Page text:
Kure is a city famous for its maritime tradition and was once one of the biggest naval bases in the east before the Second World War when the city was reduced to ashes through periodic bomb attacks.
Kure's part in the war is detailed in the Yamato Museum closer to the port where you can learn of the history of the city's naval base and ship building prior to and around the time of WWII, see many scale models of ships built in the area and learn of the science behind ship building technology.
In contrast the Irifuneyama Memorial Museum is a small complex made up of several buildings and residences, most of which are at least a century old, and some of which were moved from their previous locations to join the main building already situated here; the residence of the Commander-in-Chief of the former Kure Naval Station.
Upon entering the main gate, turning left will lead to a small rest house where Admiral Togo lived when he held the post of the commander of Kure Naval Station (1890-1891). This is one of the buildings moved from its original position. It is a traditional style Japanese rest house and the sliding doors were open so that I could see the tatami rooms inside.
Continuing up the path just inside the ticket office is the clock tower of the former Kure Naval Arsenal which was moved here in 1971. It apparently emits a pleasant melody every hour on the hour, but I wasn't there long enough to hear it.
Further up the path is the powder-magazine building built in 1899-1902, moved here from Takagarasu battery. There is an exhibit inside of historical paintings of Kure City by artists born in the city and the colours and textures in some were amazing enough to keep me in there quite a while despite the fact I was boiling and there was no aircon.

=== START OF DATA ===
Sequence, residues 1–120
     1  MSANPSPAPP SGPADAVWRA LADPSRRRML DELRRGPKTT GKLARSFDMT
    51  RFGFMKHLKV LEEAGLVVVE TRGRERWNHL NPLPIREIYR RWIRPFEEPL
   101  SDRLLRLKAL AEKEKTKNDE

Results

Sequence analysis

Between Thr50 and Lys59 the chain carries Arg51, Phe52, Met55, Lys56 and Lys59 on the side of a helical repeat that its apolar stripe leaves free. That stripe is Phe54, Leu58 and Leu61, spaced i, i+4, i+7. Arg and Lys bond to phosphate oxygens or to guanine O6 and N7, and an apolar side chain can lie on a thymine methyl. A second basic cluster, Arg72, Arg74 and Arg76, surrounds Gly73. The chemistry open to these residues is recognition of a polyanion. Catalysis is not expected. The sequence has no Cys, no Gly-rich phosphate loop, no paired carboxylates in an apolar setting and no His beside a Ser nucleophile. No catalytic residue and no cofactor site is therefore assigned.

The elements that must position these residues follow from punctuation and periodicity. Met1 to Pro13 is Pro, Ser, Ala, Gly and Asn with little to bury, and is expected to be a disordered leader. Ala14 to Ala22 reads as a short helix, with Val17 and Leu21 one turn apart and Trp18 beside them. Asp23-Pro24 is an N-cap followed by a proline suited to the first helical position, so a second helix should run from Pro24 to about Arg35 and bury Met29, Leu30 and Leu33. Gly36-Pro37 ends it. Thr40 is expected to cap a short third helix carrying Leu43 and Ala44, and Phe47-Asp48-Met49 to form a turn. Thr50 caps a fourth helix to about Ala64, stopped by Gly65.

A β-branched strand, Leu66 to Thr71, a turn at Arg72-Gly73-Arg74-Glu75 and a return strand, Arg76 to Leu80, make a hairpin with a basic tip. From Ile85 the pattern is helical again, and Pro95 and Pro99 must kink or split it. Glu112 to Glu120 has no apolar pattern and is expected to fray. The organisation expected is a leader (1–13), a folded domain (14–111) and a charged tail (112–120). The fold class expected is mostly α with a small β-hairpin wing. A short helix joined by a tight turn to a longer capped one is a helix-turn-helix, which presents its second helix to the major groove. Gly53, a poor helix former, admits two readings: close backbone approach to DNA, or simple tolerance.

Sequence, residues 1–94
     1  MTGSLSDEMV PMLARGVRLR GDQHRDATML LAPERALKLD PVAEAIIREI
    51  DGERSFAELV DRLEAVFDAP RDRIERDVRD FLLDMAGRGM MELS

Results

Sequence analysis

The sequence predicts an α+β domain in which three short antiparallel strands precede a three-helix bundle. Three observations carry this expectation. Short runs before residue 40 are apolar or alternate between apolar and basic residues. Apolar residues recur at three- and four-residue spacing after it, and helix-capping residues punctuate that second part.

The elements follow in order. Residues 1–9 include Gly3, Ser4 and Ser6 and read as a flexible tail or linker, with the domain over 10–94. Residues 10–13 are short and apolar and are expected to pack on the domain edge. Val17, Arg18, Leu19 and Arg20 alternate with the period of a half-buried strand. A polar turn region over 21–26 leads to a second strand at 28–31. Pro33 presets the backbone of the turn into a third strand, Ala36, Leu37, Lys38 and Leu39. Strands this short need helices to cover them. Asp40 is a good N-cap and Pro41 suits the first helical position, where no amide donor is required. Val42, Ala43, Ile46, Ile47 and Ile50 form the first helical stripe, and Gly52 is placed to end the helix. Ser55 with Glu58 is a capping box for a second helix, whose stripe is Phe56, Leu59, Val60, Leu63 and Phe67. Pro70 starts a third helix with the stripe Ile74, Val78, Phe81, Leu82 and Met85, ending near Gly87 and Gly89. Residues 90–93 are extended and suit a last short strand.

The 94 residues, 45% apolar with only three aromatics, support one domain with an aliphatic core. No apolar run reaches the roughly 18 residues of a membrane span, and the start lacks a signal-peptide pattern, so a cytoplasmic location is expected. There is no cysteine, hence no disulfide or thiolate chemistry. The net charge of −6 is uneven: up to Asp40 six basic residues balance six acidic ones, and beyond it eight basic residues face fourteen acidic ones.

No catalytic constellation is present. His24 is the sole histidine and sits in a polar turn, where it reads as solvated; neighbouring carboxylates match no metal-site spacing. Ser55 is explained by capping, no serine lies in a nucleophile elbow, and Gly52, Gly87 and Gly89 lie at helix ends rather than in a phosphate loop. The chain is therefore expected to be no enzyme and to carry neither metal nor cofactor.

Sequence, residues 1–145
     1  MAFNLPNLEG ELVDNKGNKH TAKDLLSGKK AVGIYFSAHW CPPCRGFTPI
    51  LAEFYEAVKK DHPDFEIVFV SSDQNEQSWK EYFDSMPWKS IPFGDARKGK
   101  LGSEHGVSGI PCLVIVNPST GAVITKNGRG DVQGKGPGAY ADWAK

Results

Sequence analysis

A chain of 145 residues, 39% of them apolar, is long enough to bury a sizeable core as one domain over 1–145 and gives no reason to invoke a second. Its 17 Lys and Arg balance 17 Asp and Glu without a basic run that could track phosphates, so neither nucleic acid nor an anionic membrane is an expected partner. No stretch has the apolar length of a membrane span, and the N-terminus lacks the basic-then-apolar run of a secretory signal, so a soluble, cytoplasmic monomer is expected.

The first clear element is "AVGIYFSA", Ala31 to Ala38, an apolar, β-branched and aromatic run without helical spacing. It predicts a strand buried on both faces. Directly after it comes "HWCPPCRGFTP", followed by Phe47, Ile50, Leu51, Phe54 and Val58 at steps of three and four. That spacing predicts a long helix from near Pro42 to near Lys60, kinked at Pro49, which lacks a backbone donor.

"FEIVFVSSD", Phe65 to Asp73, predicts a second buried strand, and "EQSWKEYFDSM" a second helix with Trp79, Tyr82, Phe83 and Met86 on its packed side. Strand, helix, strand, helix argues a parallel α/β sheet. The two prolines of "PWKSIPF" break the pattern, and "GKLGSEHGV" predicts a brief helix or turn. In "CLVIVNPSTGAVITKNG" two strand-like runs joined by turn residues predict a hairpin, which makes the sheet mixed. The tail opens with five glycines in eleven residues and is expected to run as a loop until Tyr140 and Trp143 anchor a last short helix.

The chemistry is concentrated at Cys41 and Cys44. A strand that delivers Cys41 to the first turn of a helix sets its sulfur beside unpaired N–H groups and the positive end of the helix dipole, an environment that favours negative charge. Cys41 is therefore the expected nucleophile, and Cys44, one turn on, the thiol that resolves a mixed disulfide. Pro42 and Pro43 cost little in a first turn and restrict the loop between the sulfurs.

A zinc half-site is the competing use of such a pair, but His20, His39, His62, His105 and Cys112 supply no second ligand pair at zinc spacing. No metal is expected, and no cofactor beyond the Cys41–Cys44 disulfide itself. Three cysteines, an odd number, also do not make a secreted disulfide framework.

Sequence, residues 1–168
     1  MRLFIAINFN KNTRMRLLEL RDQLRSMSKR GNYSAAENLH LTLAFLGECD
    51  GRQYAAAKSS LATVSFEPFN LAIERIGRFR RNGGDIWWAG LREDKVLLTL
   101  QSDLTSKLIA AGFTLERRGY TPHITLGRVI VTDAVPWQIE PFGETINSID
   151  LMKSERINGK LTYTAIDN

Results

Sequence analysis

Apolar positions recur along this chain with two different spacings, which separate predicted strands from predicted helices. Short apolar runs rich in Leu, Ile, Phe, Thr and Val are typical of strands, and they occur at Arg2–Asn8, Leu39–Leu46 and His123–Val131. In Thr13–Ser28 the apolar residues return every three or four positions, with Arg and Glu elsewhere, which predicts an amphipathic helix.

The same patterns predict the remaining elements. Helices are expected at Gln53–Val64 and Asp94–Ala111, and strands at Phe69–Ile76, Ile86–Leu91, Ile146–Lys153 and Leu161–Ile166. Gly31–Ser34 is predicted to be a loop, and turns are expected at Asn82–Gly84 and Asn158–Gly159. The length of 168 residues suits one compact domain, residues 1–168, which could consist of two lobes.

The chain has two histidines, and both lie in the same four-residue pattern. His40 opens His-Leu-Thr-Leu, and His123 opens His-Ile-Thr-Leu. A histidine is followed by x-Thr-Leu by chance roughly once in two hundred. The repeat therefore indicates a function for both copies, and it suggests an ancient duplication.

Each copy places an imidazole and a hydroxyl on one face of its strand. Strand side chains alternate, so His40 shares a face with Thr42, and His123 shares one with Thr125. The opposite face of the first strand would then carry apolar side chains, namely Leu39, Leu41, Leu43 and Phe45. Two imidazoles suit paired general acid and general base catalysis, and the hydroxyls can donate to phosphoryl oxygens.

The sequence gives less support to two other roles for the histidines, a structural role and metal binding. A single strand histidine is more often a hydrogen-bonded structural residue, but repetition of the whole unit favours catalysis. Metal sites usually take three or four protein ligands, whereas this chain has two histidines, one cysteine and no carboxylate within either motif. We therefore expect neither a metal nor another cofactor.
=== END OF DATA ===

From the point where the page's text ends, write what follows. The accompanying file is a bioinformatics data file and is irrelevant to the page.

Further up the hill on the left is the local history museum with an historical exhibit of materials of the former Kure Naval Station. There are no English descriptions in here but the material is still worth a look.
At the top of the hill is the main attraction; the residence of the commander-in-chief of the former Kure Naval Station which was designated an important cultural asset of Japan in 1998. This beautiful building marries Japanese and Western styles and as you walk around inside (remembering to leave your shoes at the door) you will see plenty of traditional Japanese elements such as the tatami rooms and wooden carvings until you suddenly come upon a section of the residence reminiscent of a Victorian English house.
This is a parlour and living room with expensive highly decorative furniture and gold relief wallpaper similar to that used in Buckingham palace. The contrast between the over -the-top decorative western style and almost austere Japanese style is striking and I found myself walking around the house again for a second look.
The final building is the Kure Municipal Museum of Historical Materials and Modern Archives which is used to collect and preserve important historical materials of the province. There is a some material in here without English descriptions and also a large bay window facing out onto the city with views of the mountains. I was lucky enough to see an eagle making a trip down into the city while gazing at this view.
For those interested in naval history and traditional style Japanese buildings, this museum is definitely worth a trip.